N Engl J Med. 2019 May 23;380(21):1990-1992. [Pubmed Abstract]
Lapidos A, Lapedis J, Heisler M
Health care financing in the US, especially since the passage of the Affordable Care Act (ACA) or “Obamacare,” has increased opportunities for financing peer support and community health worker (CHW) programs. In this week’s Tuesday Tip, our colleague, Michele Heisler, and two of her other colleagues from the University of Michigan, Adrienne Lapidos and Jeremy Lapedis outline the case for routine financing of CHWs and several possible mechanisms and paths to accomplish this.
Opportunities include 2018 Medicare provisions to cover CHW and other nonmedical benefits especially for those with chronic diseases. This follows earlier Medicaid provisions included in the ACA to cover CHW and other supportive services for those with mental health and chronic conditions. Medicaid has also updated rules to encourage Medicaid MCOs to cover services including those addressing social…
Am J Public Health. 2017 Oct;107(10):1660-1667. [Pubmed Abstract]
Kangovi S, Mitra N, Grande D, Huo H, Smith RA, Long JA
To determine whether a community health worker (CHW) intervention improved outcomes in a low-income population with multiple chronic conditions.
We conducted a single-blind, randomized clinical trial in Philadelphia, Pennsylvania (2013-2014). Participants (n = 302) were high-poverty neighborhood residents, uninsured or publicly insured, and diagnosed with 2 or more chronic diseases (diabetes, obesity, tobacco dependence, hypertension). All patients set a disease-management goal. Patients randomly assigned to CHWs also received 6 months of support tailored to their goals and preferences.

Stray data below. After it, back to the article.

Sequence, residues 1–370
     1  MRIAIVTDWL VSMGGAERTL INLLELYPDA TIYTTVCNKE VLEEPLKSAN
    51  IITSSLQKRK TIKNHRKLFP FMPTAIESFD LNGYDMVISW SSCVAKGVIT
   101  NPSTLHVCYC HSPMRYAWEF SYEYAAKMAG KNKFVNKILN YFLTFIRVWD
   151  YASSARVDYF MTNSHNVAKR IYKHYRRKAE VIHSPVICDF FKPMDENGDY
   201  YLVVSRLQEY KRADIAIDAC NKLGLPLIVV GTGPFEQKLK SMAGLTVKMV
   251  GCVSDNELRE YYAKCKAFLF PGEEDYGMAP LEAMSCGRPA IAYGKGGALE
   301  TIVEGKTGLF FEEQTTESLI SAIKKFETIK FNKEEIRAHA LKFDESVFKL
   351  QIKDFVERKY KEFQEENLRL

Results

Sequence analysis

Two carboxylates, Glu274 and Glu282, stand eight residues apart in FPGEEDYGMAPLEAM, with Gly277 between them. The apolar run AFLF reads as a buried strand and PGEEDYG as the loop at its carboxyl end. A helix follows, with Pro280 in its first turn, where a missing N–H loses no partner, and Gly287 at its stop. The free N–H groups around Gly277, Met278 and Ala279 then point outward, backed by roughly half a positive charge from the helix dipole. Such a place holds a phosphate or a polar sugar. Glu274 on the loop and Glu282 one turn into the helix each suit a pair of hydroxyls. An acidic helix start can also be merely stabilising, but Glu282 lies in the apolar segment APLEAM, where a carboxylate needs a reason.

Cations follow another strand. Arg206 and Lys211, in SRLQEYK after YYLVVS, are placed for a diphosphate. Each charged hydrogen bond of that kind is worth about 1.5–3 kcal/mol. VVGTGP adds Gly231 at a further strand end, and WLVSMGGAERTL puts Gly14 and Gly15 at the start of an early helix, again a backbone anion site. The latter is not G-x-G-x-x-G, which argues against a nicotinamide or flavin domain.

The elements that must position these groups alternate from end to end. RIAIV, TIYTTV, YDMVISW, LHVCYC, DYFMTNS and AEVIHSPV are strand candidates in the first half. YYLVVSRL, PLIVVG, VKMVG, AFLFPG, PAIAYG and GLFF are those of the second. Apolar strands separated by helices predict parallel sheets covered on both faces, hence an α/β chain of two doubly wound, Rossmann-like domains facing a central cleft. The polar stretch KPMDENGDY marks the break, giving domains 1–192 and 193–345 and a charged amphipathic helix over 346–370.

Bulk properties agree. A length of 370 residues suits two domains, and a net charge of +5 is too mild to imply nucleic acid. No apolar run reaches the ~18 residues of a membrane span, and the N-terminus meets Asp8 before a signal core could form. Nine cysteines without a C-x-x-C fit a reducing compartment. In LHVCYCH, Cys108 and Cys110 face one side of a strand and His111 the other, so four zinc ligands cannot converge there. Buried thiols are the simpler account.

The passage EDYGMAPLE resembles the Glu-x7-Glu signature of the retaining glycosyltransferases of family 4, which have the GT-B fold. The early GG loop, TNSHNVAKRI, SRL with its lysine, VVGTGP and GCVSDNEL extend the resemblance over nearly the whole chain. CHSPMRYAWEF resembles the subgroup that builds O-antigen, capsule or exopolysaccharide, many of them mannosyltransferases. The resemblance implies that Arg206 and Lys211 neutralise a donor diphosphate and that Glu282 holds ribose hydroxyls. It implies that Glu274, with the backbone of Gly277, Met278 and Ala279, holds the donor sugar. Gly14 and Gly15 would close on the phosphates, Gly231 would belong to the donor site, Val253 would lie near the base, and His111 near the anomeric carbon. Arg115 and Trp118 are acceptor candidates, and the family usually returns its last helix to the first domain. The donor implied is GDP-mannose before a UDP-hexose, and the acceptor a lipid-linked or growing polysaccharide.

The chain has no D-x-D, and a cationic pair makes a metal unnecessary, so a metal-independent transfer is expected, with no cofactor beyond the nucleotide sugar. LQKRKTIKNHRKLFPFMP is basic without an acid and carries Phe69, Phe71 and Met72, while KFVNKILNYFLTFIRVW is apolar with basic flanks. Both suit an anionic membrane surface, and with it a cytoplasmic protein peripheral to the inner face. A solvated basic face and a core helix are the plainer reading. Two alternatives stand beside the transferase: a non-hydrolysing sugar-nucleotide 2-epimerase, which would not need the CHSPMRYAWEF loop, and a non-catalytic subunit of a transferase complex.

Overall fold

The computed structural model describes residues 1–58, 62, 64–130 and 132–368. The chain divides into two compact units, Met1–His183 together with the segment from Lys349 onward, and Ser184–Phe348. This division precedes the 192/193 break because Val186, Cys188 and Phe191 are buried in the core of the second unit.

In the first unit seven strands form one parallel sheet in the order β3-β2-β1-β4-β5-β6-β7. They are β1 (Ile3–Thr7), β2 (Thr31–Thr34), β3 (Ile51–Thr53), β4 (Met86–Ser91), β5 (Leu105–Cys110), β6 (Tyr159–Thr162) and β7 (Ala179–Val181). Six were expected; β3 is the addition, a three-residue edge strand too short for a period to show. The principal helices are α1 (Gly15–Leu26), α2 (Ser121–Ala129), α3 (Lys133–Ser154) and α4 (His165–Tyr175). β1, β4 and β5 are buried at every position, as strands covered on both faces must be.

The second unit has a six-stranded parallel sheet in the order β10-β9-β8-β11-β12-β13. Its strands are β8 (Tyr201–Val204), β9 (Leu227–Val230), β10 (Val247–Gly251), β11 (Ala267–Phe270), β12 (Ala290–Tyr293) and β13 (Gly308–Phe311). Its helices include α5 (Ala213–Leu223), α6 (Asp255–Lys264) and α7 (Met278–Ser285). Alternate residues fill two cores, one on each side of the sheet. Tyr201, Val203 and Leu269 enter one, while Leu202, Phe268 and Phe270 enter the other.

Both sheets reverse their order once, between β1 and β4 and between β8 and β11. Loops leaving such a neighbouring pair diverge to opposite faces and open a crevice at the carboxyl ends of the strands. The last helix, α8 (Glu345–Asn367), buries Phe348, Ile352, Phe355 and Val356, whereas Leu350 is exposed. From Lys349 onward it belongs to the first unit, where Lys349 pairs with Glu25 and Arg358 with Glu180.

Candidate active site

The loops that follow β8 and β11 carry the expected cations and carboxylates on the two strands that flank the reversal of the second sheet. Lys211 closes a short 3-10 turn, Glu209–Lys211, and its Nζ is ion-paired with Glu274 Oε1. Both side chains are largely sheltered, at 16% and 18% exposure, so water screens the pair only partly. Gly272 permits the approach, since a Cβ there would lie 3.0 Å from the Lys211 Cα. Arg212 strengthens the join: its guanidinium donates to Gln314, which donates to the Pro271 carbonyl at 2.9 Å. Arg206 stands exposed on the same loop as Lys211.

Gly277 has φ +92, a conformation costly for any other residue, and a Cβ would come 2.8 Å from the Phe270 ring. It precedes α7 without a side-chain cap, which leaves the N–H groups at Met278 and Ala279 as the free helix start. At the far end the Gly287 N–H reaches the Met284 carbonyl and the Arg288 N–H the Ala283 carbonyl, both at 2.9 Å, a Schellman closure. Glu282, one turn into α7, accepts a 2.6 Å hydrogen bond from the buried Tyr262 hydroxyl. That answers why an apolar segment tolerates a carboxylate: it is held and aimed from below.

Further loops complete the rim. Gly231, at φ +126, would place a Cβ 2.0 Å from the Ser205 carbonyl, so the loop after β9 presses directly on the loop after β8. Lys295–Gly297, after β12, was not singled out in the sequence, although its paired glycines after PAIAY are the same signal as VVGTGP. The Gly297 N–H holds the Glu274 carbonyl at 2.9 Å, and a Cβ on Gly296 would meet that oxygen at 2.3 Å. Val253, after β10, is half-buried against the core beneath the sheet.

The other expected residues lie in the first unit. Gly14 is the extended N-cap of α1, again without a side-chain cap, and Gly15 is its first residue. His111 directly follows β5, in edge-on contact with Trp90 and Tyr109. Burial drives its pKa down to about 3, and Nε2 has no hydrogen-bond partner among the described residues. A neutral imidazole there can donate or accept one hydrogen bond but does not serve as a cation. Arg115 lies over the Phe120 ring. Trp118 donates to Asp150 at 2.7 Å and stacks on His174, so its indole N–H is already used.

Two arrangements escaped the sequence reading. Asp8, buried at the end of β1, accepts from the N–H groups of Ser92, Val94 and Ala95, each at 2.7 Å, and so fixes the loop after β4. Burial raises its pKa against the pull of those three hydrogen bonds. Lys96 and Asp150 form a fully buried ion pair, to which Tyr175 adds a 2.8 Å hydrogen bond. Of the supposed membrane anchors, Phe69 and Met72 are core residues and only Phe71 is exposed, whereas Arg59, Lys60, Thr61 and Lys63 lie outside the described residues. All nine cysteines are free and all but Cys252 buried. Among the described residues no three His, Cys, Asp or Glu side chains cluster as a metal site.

Support from CHWs (vs goal-setting alone) led to improvements in several chronic diseases (changes in glycosylated hemoglobin: -0.4 vs 0.0; body mass index: -0.3 vs -0.1; cigarettes per day: -5.5 vs -1.3; systolic blood pressure: -1.8 vs…
RCT of a CHW Self-Management Support Intervention Among Low-Income Adults With Diabetes, Seattle, Washington, 2010-2014
Prev Chronic Dis. 2017 Feb 9;14:E15. [Pubmed Abstract]
Nelson K, Taylor L, Silverman J, Kiefer M, Hebert P, Lessler D, Krieger J
Community health workers (CHWs) can improve diabetes outcomes; however, questions remain about translating research findings into practical low-intensity models for safety-net providers. We tested the effectiveness of a home-based low-intensity CHW intervention for improving health outcomes among low-income adults with diabetes.
Low-income patients with glycated hemoglobin A1c (HbA1c) of 8.0% or higher in the 12 months before enrollment from 3 safety-net providers were randomized to a 12-month CHW-delivered diabetes self-management intervention or usual care. CHWs were based at a local health department. The primary outcome was change in HbA1c from baseline enrollment to 12 months; secondary outcomes included blood pressure and lipid levels, quality of life, and health care use.
The change in HbA1c in the…